Ah, I forgot to wear sunscreen’. After spending hours out in the sun, you come home with tanned skin. And, that’s not what you’ve wanted. What if you’ve applied sunscreen? Won’t you get tanned? Does sunscreen prevent tanning? In this blog, we’ve answered all these questions.

Wearing sunscreen is the cardinal rule of skincare. Getting out for some serious lounging by the beach can give you some Vitamin D. But, UV rays from the sun can have damaging effects on the skin. Not only they will cause tanning but will also lead to skin cancer. Therefore, if you’re planning to bask out in the sun for hours, slather sunscreen on the exposed body parts before stepping out.

Does Sunscreen Prevent Tanning?

Sunscreen does prevent tanning. But, it cannot give you complete protection. You can still have tanning while wearing sunscreen. These factors play an important role.

a) No sunscreen can block 100% of UV rays.

b) Not applying a sufficient amount of sunscreen.

c) Your sunscreen prevents the UV rays only for a certain period. Reapplying it frequently enough is vital for long-term protection.

d) The SPF of the sunscreen you’re using cannot give you adequate UV protection.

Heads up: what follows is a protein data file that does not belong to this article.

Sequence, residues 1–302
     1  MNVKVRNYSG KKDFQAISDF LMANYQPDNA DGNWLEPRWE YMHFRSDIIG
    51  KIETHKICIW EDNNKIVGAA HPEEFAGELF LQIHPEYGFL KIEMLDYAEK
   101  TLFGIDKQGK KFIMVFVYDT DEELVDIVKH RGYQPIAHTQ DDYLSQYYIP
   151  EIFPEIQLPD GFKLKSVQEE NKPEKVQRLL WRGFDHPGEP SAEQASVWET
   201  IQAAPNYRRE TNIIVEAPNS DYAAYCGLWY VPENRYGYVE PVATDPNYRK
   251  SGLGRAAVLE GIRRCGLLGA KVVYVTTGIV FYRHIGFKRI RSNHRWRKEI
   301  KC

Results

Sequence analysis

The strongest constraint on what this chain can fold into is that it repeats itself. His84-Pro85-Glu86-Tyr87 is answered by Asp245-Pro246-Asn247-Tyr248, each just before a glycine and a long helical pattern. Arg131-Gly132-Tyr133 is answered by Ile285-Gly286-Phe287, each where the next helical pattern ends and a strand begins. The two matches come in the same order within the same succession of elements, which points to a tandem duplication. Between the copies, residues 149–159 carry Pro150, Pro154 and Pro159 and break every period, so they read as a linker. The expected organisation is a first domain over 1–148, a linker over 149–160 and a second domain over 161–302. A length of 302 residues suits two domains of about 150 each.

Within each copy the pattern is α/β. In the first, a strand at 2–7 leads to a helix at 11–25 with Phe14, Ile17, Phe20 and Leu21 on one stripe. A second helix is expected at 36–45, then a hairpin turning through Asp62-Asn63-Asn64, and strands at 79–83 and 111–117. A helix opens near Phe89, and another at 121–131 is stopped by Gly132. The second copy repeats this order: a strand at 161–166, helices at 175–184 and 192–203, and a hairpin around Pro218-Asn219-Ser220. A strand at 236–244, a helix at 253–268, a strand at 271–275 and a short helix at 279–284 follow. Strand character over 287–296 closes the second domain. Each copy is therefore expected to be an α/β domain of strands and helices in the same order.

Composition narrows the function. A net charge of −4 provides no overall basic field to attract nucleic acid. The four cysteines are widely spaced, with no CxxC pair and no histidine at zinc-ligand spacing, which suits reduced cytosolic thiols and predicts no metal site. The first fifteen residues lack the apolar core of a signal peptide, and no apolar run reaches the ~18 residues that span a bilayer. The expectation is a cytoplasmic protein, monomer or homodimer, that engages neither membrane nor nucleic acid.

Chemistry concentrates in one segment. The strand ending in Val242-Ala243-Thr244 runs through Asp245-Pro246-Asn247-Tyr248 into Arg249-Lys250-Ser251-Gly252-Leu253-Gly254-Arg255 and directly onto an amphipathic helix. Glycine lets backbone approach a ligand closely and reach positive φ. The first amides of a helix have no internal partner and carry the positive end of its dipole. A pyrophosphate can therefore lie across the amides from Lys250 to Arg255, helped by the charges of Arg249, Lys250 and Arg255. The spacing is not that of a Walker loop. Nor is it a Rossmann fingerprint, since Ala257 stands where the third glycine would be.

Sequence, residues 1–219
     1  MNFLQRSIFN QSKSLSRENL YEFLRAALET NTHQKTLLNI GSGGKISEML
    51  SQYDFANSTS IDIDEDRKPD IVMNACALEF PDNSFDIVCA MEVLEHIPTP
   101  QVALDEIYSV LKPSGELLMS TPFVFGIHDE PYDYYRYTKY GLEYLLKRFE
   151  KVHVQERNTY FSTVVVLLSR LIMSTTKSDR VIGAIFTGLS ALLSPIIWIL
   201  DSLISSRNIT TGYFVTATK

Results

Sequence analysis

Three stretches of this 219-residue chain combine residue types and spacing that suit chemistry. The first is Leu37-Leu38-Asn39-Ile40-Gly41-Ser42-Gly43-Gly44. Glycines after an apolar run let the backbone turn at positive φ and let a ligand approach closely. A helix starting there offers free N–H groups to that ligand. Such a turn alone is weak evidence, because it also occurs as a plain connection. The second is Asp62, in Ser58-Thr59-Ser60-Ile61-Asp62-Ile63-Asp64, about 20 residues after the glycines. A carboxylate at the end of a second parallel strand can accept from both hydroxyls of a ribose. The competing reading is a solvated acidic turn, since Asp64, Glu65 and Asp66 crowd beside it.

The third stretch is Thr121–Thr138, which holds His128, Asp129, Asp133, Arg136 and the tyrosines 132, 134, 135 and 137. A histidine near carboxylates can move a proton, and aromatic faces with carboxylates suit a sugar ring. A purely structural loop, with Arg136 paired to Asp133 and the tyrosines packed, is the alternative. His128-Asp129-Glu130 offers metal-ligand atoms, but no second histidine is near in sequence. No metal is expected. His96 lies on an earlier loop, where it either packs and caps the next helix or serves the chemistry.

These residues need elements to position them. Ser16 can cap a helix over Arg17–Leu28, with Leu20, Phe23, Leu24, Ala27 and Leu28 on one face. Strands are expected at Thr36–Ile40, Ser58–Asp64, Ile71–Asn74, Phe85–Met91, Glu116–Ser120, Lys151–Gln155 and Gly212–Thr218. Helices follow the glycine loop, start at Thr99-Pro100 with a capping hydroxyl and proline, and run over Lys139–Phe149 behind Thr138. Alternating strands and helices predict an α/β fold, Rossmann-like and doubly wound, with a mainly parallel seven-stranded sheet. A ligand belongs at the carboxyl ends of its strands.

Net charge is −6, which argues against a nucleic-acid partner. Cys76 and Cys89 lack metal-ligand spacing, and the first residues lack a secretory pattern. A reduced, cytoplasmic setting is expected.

To understand all the mechanisms of sunscreen’s functions, know what is tanning.

What is Tanning?

An increase of melanin due to sun exposure is called Tanning. This is a natural defense mechanism of the skin to safeguard it from the harmful UV rays of the sun. Some of the tan-prone areas of the body are the face, arms, back, hands, and legs.

Your body starts to tan when UV rays reaches skin cells. A pigment known as melanin is released. The more the melanin is released, the more the tan. Initially, your skin color will turn red. Then, it will dilate blood vessels to kickstart repairing the damages.

How Sunscreen Works to Prevent Tanning?

Sunscreen works in two different ways.

1. Sunscreens having chemicals absorbs UV rays. They, then, alter these rays to lessen their skin-damaging effects. Two examples of chemical-based sunscreens are octisalate and oxybenzone.

2. Physical sunscreens contain zinc or titanium oxides. These active ingredients sit on the uppermost layer of your skin to reflect and scatter the harmful UV rays. As a result, your skin gets less damaged.

Sun emits both UVA and UVB rays. Whereas UVA rays can cause skin cancers and burns, UVB rays can lead to age spots, wrinkles, and burns. Therefore, choose a broad-spectrum sunscreen to stay protected from UVA as well as UVB rays.

Here’re some of the benefits you can enjoy wearing sunscreen daily.

Sunscreens are designed to filter UV rays but they’re not effective to stop melanin production. It means your skin will tan. But, the question is how much. And, that’s what we’ve covered in our next section.

Do You Tan More With Or Without Sunscreen?

Obviously, you’ll tan more without slapping on sunscreen.

Sunscreen reduces your ability to tan. As already said, your skin color will become dark to a certain extent even with sunscreen on. The image given below will give you a clear idea.

does sunscreen prevent tanning